The rise of Wussy over the past 11 years may ultimately stand as one of the most improbable yet inevitable success stories in Cincinnati music history.
In those thrilling pre-Wussy days of yesteryear, the initial rush of Chuck Cleaver’s previous band, Ass Ponys, in the late ’80s and early ’90s was no surprise, but the band’s strangely quiet denouement, whether precipitated by malfeasance or benign neglect, bordered on a criminal act. When frontman Cleaver finally returned with new writing (and, then, romantic) partner Lisa Walker in the early part of the new millennium, the pair was dichotomy personified; tangible yet ephemeral, powerful yet tender, fierce yet sedate, harmonic yet dissonant, they invested Wussy with a spectacular bi-polarity, a state of being perhaps best described as manic impressive.
The engine that powered Wussy was just as head-scratchingly wonderful. Guitarist Mark Messerly was learning to play bass, and music fan Dawn Burman was learning to play drums — his six-string approach to four strings and her Maureen Tucker primitivism were the perfect skewed foil for the Midwestern Glamericana Folk anthems and odes that Cleaver and Walker were concocting seemingly at will, beginning with the magnificent debut, 2005’s Funeral Dress.
After two more brilliant and acclaimed albums — 2007’s Left for Dead and 2009’s Wussy — not to mention an uncanny knack for interspersing great shows with self-described disasters and the end of Cleaver and Walker as a couple (which could have Buckingham/Nicks-ed the whole shooting match), Burman relocated to Texas which made way for Joe Klug, whose impeccable and thunderous drum skills ushered in a new chapter in the Wussy saga. Just as the band should have exploded into an unsolvable jigsaw puzzle of unrecognizable shards, 2011’s Strawberry found Wussy ascending to new heights with cohesive purpose and psychedelic abandon, while never forgetting the fundamental beauty and heartbreaking intensity that shaped and defined its earliest work.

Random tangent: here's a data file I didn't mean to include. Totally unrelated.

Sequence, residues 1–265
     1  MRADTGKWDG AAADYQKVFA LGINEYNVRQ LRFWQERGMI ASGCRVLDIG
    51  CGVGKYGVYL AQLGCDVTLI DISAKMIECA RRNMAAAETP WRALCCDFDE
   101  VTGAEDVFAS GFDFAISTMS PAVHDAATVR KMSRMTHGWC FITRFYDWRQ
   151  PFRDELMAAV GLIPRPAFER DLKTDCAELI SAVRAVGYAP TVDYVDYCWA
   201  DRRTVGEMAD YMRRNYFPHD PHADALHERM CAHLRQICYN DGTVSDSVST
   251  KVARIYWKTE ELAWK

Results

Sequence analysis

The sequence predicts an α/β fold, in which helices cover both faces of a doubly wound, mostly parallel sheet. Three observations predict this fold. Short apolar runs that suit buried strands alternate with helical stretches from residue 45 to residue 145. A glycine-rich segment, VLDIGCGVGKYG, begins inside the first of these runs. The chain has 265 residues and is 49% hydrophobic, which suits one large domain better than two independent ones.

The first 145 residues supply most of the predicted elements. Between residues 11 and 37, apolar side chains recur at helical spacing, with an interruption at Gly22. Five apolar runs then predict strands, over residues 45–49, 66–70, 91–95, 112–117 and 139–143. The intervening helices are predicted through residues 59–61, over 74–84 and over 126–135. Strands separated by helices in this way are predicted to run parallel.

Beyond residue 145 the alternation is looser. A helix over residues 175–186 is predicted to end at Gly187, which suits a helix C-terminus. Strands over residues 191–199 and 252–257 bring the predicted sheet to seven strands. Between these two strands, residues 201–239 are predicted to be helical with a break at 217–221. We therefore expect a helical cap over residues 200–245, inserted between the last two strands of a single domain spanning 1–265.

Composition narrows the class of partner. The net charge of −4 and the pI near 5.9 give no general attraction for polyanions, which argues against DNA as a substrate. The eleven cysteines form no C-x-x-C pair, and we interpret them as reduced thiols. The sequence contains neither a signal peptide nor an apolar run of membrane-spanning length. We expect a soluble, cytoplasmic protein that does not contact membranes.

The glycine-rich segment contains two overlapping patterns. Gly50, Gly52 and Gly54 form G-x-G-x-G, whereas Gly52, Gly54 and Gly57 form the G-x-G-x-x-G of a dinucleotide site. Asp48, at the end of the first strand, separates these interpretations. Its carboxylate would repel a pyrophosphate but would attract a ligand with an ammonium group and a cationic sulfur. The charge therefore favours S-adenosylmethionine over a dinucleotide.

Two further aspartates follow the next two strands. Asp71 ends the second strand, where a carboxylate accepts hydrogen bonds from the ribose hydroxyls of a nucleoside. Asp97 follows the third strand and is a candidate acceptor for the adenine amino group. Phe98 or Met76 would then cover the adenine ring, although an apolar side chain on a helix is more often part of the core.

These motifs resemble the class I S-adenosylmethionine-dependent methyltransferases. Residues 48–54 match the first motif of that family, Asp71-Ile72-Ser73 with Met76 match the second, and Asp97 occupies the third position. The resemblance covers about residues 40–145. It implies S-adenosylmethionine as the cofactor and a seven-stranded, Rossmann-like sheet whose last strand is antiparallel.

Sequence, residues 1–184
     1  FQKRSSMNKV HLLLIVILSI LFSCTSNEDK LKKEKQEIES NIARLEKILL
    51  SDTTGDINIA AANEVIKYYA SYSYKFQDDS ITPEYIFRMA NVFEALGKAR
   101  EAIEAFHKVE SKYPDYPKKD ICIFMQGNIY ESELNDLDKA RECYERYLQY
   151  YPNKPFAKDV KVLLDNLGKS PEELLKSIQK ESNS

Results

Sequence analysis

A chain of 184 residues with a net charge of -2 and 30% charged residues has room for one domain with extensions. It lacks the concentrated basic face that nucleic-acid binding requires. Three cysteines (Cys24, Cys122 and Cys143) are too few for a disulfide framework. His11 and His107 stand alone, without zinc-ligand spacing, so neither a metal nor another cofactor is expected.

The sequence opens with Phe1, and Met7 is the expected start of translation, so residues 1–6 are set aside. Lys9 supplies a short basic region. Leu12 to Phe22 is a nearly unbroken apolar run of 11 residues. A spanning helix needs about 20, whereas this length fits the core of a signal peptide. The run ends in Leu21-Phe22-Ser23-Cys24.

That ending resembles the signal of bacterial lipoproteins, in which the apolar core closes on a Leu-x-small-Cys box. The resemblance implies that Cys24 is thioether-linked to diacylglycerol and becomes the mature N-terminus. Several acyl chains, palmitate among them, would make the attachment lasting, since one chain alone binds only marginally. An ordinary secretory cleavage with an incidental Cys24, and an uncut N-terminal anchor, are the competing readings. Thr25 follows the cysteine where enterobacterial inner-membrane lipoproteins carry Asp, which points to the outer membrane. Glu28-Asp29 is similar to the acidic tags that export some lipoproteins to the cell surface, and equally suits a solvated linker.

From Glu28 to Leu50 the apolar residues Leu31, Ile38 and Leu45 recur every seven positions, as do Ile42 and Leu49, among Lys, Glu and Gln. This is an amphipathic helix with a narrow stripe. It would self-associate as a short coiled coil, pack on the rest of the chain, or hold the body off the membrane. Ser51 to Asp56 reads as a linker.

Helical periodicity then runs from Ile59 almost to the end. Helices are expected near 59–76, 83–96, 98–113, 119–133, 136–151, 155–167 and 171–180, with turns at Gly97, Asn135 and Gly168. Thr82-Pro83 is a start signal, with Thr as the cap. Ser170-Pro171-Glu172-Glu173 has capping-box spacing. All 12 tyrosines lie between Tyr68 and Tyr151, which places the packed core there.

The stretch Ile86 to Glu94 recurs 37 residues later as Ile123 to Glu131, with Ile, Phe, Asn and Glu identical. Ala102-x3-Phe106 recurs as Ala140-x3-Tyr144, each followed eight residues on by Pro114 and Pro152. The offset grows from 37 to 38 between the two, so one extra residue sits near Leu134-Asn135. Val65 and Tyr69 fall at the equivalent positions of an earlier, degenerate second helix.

With 2014’s Attica!, Ass Ponys guitarist John Erhardt went from touring steel-pedalist to full-fledged member, and his arrival inspired (or caused) a clattering, noisy evocation of the Psych Folk strum and twang Wussy had crashed headlong into on Strawberry.
Two years later, Wussy’s new album, Forever Sounds, amplifies the noise of Attica! to a gorgeous din that soars and slams like Phil Spector and Brian Eno collaborating on the Berlin Wall of Sound. If Attica! was the sound of a block party teetering on the edge of chaos, Forever Sounds is that same party after local authorities gave up and called in the National Guard. Visceral, loud and lysergically compelling, Forever Sounds is Attica! on steroids and peyote buttons.
Forever Sounds announces its arrival with the squalling feedback and tribal drumming of the album’s first single “Dropping Houses,” coming up first in the track order like every good Motown release. The notable difference in the sonic presentation on Forever Sounds is that the vocals are mixed at near parity with the music, only occasionally rising above the holy din that Wussy has crafted. As a result, Wussy more acutely resembles the R.E.M. comparisons that cropped up in early reviews, as Cleaver and Walker allow their voices and insightful lyrics to be obscured and transformed into a musical texture.
While that might seem off-putting, particularly to fans of the first three Wussy albums, it has the interesting effect of engaging the listener to an even greater extent in absorbing Forever Sounds, leaning in to make sure they heard what they think they heard. There is a discernible Crazy Horse desperation in the swirling tumult of “She’s Killed Hundreds,” and a similar soundscape for the powerful and melancholic balladry of “Donny’s Death Scene” and “Hello, I’m a Ghost,” while “Gone” marches along as forcefully as a Celtic funeral procession with a phalanx of crashing electric guitars supplanting the bagpipes.
Like every great Wussy album (which, so far, has been all of them), some of Forever Sounds’ most impactful moments are contained in the calm between storms. “Better Days” vibrates on a similar wavelength as Captain Beefheart’s glorious “My Head is My Only House Unless It Rains,” and “Majestic-12” is classic Walker introspection, except for the undercurrent of feedback that threatens to erupt like an unstable volcano but never does. Forever Sounds ends with the gently compelling “My Parade,” a quiet piano ballad that eases into a noisier but still restrained version of the ecstatic havoc that preceded it.
Forever Sounds is solid evidence that Wussy remains fully engaged in advancing its creative energies by any means necessary without abandoning the core values that have gotten it six-albums deep into a catalog that should stretch well into an even brighter future.
FOREVER SOUNDS is scheduled for release March 4 and can be pre-ordered here. A limited-edition, colored-vinyl 7-inch single featuring "Dropping Houses" and non-LP track "Folk Night at Fucky's" is available from Shake It Records (in store or here) while they last.